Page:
Reviews

  • New York Times Notable Book

“He spent two years roaming the streets, canyons and slopes of the Aspen area–drinking, skiing, snooping and generally hobnobbing his way into the heart of a city most outsiders think has no heart. He had loads of fun, almost lost his soul and managed to escape the experience to write a fascinating book. With Whiteout: Lost in Aspen, Mr. Conover has done the near-impossible. He has created a book about Aspen that is fair and interesting at the same time.” The New York Times Book Review

“Conover is one of our most original and intelligent journalists…What makes the book so special is that, even as Conover takes on the Aspen icons who made the town into the circus it now undeniably is–John Denver, for instance, with his est-influenced Windstar Foundation, or Saudi prince Bandar bin Sultan bin Abdel Aziz, with his fifty-five-thousand-square-foot, twenty-six-room ‘pleasure dome’–he finds himself getting sucked in. It’s the easy life that hooks him, the skiing and the women, the mountain biking and the hard-edged, new-age affluence, the ‘specialized world offering much that the outside world did not.’ And Conover’s true triumph is to let us see his transformation–temporary though it may be–without trying to make us sympathize, allowing us to keep our critical faculties intact.” L.A. Reader

“There is a real story to be reported in Aspen. In a small but genuine victory for print over video, Ted Conover, whose past books have chronicled hoboes and illegal aliens, has told it in his new book, an account of two years among the rarefied locals . . . Conover’s book is not a political tract or an exercise in muckraking. It is an engaging, well-reported narrative that rarely condescends to its subject. The even-handed tone, far more convincingly objective than Wiseman’s narration-free, I-am-a-camera point of view, is no small achievement, given that the Aspen cast of characters includes such barn-size satirical targets as exclusive health clubs, over-the-hill drug dealers, movie stars and rock stars of wattages bright (Jack Nicholson), dim (Stevie Nicks), and extinguished (Jill St. John).” — Frank Rich, The New Republic

“Impudent and comic . . . there’s more than snow on Aspen’s hills in this saucy travel guide.” — Stefan Kanfer, People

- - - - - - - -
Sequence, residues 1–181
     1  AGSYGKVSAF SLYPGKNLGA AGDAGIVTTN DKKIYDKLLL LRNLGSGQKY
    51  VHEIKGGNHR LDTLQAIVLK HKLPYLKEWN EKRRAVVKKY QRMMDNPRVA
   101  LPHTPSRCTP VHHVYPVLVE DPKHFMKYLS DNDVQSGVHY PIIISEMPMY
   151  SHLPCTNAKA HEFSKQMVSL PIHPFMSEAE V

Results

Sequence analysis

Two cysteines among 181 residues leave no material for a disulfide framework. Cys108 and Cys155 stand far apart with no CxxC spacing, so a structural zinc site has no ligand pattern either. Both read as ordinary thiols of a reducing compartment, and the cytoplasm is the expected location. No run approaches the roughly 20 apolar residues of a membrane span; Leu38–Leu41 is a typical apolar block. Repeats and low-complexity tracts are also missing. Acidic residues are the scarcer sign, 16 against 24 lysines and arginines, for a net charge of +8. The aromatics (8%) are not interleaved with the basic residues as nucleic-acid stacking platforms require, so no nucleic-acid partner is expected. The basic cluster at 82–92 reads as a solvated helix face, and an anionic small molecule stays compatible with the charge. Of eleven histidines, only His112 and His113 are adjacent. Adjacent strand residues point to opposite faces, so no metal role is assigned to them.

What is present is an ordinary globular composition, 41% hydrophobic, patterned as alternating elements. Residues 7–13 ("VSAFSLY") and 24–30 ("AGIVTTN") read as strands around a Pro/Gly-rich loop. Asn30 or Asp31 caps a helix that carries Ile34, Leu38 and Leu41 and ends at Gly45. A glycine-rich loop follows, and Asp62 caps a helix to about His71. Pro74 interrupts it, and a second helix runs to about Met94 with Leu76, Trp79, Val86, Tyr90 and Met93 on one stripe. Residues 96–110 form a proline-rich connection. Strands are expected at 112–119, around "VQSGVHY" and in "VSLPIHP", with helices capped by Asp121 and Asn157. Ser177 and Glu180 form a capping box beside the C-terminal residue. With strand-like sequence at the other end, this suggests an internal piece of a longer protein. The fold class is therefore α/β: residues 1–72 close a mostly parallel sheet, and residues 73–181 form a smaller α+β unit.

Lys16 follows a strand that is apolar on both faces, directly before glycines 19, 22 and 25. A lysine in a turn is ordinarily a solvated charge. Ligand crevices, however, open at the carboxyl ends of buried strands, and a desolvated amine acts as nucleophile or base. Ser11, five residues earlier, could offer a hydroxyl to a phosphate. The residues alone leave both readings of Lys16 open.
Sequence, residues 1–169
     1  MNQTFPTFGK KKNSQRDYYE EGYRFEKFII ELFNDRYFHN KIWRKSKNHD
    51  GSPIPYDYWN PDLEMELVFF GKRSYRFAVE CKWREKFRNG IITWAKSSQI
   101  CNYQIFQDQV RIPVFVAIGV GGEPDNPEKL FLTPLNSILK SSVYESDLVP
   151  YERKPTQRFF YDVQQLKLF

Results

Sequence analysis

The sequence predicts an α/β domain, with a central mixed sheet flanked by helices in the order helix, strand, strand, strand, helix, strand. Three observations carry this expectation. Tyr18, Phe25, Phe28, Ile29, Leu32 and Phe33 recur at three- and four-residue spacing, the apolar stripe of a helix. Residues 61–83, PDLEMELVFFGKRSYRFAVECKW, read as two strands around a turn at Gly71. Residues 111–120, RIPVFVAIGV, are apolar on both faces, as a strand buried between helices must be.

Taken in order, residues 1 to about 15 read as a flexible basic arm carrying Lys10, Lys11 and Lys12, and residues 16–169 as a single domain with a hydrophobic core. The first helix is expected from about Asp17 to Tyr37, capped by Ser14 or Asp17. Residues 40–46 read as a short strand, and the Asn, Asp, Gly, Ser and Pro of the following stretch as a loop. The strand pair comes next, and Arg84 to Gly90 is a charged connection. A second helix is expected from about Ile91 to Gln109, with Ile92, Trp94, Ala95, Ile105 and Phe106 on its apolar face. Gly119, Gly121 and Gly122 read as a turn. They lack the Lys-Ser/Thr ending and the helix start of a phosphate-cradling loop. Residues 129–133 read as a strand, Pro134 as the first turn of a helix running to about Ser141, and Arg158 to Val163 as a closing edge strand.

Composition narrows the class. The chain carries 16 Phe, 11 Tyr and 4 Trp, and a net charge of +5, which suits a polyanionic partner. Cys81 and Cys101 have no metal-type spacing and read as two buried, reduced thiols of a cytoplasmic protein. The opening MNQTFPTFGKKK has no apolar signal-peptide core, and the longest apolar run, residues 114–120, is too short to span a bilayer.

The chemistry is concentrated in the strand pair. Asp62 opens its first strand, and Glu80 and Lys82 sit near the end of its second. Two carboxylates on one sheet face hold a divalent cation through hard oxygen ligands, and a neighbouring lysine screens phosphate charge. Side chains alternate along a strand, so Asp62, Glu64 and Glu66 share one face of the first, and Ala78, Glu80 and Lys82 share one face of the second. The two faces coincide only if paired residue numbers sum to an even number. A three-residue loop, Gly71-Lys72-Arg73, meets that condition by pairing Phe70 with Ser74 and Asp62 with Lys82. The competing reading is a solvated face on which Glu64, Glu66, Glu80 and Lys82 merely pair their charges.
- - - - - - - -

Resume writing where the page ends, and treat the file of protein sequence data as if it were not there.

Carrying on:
“A fine, entertaining ode to the new ski season . . . Aspen’s hypocrisy, ostentation and plain old weirdness are . . . hilariously documented. For the reader, it’s a ride worth taking.” Dallas Morning News

“Conover’s ability to give himself entirely to the world he portrays is present again in Whiteout: Lost in Aspen–a lucid, witty account that bristles with ironies but stays clear of malice as it traces Aspen’s progress from mining town to hippie hangout to rarefied Hollywood outpost . . . It’s not often that you read a travel book in which you worry that the author’s soul is in danger. The result is Conover’s funniest book yet, and one that has much to say about our country in the 1990s.” San Francisco Chronicle Book Review

“A funny, caustic view of life among the town’s lotus-eaters.” Business Week

“Valuable and often fascinating.” Seattle Times/Seattle Post-Intelligencer

“A book of wit, insight, and, above all, that old Greek virtue, measure.” American Way

“A well-written stream-of-consciousness-raising account of two years in a town that makes Disneyland look like Cabrini-Green.” Chicago Sun-Times

“A thoughtful, piercing look at the town we call Glamor Gulch . . . sure to be hailed as the first serious look at a town that has become an icon of wealth, fame, self-infatuation and hedonism.” Rocky Mountain News

“Low-key, objective, and unpretentious, Conover avoids cynicism, letting Aspen’s event and individuals speak for themselves.” Publishers Weekly

“Entertaining and engaging . . . a reading experience at once pleasurable and ultimately instructive. Ted Conover has written a cautionary tale about the American dream. That his readers will laugh at a score of passages and scenes in Whiteout does not diminish the seriousness of his warning. ‘I remember my cab-driver friend who said he came to Aspen “for all the good times to be had. What else is there in life?” he writes. Then he answers: “Well, the rest of the range of human emotions, to begin with.”‘ Conover’s gift is to remind us of that range.” — Christopher Merrill, El Palacio

“A fascinating study in spiritual geography.” Wyoming Tribune-Eagle